We jokingly ask the sound guy to keep the ‘suck button’ turned down when we’re playing. The truth is that the only time somebody acknowledges the sound man is when things go wrong: feedback, no sound, too loud or some other reason to complain. Everyone looks in his/her direction. Rarely is there a line to talk to the sound guy after the gig and if there is you can bet it’s a line of other sound guys.
If the sound person is having a bad day, we’re all having a bad day and if he’s having a great day, no one notices him. As a leader you’ve got to notice the invisible contributions because often no one else will. If we’ll be wise and acknowledge those who don’t get ‘center stage’ and the value (and even critical) contributions they make it will make for fewer days when the ‘suck button’ is turned up.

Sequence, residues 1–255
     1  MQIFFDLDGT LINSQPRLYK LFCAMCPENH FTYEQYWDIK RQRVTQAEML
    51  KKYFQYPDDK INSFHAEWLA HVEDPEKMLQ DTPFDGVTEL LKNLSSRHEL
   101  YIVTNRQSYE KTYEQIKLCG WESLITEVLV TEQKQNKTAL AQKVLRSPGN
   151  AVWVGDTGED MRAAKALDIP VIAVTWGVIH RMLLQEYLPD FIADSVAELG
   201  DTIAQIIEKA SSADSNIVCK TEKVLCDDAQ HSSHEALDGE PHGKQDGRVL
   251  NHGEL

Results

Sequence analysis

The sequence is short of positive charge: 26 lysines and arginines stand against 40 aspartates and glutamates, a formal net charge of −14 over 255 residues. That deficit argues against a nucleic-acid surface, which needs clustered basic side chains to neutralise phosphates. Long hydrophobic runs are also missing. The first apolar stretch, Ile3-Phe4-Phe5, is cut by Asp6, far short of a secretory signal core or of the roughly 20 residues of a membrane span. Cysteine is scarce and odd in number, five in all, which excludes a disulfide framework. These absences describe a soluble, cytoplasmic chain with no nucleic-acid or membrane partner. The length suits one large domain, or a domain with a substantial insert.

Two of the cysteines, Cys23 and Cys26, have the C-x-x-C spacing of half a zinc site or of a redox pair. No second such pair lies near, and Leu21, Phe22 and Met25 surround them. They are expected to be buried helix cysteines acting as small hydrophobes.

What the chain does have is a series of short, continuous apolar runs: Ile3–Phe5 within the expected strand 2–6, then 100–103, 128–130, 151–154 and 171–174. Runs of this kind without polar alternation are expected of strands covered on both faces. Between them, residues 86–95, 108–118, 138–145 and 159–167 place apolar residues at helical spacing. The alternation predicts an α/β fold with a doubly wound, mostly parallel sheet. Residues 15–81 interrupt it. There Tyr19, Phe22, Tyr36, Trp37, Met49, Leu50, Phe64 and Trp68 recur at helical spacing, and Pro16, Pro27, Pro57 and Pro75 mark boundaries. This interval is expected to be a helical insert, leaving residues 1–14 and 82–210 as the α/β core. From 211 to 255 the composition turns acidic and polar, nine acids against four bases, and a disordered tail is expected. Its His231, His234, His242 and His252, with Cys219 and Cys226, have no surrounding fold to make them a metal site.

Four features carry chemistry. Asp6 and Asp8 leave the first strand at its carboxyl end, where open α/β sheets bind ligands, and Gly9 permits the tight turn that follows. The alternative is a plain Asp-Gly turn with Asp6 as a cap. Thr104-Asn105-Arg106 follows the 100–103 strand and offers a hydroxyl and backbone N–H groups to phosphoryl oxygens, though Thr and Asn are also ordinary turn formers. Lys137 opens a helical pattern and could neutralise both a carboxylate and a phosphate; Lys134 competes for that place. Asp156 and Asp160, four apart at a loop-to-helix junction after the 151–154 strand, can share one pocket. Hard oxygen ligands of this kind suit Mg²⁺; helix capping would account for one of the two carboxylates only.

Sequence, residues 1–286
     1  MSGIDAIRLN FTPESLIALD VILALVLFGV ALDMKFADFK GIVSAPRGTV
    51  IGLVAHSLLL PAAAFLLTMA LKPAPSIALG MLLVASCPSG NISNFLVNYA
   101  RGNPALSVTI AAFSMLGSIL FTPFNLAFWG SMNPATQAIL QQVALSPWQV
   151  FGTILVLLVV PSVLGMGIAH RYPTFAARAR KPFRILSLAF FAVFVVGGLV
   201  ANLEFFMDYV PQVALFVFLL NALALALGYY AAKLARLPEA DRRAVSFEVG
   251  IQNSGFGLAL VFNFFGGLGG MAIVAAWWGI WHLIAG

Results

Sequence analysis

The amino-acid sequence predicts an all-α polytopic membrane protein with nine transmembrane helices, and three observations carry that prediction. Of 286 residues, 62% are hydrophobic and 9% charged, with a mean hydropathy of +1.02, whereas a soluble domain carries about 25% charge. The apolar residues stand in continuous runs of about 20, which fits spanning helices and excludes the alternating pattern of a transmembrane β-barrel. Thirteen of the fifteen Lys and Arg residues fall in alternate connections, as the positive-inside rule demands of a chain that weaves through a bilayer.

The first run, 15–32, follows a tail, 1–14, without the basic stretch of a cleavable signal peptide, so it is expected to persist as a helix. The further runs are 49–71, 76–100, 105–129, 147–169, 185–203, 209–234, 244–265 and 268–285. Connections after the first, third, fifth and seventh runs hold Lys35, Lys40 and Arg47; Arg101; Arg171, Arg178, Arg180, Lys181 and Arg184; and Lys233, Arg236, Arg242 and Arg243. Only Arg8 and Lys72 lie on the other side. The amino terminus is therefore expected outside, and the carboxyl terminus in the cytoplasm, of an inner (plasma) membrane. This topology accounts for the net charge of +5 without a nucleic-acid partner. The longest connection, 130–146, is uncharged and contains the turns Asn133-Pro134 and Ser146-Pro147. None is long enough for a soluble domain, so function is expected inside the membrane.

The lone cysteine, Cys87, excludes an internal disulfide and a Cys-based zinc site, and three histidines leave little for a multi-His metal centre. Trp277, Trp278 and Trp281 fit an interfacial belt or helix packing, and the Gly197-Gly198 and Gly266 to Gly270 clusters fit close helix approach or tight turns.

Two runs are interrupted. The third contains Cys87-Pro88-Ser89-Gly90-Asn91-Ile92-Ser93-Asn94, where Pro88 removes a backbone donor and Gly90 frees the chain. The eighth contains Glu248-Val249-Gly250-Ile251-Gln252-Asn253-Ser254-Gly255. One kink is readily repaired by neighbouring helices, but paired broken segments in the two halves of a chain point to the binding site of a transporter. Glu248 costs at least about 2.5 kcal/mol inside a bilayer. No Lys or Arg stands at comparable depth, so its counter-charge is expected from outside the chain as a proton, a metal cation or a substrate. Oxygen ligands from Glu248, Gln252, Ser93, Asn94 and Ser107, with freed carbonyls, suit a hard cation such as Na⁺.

The real strength of any team, family or band is rarely found in the spotlight. It’s found in the guy/gal putting a new roll of toilet paper on, the person who “doesn’t do anything” but manages to call the people who need to know someone noticed they’ve been MIA, or the person who remembered we set our clocks forward this week.